Wilkinson had attended a speech Orr gave the previous day to the Pacific Climate Change Conference and asked for a copy of "what the bank regards as the best evidence … in support of your conclusion that 'climate change is a key risk to financial stability'. (I have looked at the reference in footnote four of your speech but did not spot anything in that material which answered the question)".

Wilkinson told BusinessDesk: "I did not think to ask for its best evidence contradicting his conclusion," but said of what he was sent, the only "remotely supportive" evidence was a 197-page paper by the US Commodity Futures Trading Commission.

"It translates speculative 'coulds' and 'mays' in the body of the report into unqualified assertions of certainty in the executive summary," Wilkinson said.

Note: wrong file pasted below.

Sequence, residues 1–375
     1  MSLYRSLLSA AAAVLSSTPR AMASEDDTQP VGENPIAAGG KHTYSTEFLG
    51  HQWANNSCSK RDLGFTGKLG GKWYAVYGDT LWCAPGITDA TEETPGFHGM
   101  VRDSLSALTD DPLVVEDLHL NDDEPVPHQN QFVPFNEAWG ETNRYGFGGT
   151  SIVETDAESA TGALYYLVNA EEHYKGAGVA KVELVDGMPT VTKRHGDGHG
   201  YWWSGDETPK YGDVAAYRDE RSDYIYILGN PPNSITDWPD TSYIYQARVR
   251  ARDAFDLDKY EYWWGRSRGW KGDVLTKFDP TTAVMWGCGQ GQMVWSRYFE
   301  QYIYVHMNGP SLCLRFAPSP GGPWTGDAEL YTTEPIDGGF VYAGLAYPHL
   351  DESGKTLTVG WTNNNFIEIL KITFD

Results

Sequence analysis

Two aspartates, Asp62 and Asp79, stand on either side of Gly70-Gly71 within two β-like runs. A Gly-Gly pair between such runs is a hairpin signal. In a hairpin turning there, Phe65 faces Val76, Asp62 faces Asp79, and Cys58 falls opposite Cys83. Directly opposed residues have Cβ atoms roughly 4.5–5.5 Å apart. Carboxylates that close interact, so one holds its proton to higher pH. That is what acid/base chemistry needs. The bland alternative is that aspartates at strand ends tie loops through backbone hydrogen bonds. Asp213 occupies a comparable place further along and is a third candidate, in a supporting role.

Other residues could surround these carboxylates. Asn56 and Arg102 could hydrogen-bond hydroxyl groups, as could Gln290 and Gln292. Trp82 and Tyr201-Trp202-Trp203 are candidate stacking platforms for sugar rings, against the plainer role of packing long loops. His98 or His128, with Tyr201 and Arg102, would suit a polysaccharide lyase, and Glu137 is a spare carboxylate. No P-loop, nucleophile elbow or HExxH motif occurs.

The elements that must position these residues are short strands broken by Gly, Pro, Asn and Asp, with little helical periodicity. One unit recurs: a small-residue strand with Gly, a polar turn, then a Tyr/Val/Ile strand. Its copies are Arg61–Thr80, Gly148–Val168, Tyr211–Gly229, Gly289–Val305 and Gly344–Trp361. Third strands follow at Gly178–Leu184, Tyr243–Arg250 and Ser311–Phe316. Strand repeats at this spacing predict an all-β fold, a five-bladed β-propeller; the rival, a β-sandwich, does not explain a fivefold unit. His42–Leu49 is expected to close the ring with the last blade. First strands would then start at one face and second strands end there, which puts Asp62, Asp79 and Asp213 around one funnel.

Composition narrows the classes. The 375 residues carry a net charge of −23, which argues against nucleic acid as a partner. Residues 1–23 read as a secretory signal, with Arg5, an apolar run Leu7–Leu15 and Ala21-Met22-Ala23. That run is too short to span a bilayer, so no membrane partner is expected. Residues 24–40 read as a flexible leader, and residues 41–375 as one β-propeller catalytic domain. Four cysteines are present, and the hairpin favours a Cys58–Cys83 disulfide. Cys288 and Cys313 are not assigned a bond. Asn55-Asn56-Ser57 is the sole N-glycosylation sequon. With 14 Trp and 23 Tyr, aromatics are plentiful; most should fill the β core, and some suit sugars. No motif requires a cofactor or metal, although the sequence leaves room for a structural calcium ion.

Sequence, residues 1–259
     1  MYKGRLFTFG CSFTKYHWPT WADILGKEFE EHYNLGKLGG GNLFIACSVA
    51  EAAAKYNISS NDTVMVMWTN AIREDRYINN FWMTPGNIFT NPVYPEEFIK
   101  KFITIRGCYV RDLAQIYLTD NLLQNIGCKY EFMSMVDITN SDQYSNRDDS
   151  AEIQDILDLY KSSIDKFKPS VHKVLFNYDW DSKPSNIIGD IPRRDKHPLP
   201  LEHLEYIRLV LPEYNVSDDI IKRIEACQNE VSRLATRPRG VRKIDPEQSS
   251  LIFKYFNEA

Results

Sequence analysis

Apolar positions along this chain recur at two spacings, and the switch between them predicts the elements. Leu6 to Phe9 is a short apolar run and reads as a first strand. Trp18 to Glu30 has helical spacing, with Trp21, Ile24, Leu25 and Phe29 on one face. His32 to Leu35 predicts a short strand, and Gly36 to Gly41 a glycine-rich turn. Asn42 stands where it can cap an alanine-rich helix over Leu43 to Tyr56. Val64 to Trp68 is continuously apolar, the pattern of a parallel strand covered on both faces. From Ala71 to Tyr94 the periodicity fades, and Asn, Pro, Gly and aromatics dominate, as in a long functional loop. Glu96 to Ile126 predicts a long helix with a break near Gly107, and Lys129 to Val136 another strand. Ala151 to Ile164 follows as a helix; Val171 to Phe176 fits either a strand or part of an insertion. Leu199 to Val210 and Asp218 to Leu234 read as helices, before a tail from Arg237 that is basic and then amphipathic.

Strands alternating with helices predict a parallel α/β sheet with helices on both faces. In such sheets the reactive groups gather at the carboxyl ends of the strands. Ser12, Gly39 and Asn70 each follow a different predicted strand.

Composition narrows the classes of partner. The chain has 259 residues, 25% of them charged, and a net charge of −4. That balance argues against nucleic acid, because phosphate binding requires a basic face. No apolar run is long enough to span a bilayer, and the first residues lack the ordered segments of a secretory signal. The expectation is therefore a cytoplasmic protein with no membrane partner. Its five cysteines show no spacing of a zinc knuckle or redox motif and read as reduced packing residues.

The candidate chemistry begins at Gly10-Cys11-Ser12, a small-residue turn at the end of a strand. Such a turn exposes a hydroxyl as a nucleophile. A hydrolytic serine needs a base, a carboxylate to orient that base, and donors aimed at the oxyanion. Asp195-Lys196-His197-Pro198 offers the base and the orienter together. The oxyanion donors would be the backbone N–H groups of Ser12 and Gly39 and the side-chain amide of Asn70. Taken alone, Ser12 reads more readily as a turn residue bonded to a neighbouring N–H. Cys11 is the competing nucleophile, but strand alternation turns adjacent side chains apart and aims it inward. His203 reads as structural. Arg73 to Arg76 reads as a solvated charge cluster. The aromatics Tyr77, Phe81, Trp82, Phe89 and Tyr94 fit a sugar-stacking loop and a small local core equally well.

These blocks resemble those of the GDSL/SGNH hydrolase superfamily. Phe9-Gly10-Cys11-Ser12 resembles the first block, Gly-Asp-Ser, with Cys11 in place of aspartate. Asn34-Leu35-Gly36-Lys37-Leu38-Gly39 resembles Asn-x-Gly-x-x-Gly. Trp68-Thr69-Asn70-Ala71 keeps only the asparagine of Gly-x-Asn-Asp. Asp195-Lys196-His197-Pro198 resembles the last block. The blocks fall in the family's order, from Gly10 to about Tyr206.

Payment, please

On Dec 1 last year, RBNZ senior official Toby Fiennes responded to a request under the Official Information Act (OIA) made on Nov 3 by an unknown person for copies of any research on the cost of global warming undertaken by the central bank in the last 10 years.

Fiennes said in a letter that the RBNZ had identified three pieces of research and asked the requester to pay $114 "due to the large time period set in the request and the frequency of requests from your organisation over the last month".

The three papers Fiennes identified were a case study on drought and monetary policy in NZ, a survey of literature regarding the implications of climate change for monetary policy, and a paper on the potential implications of climate change for the financial system.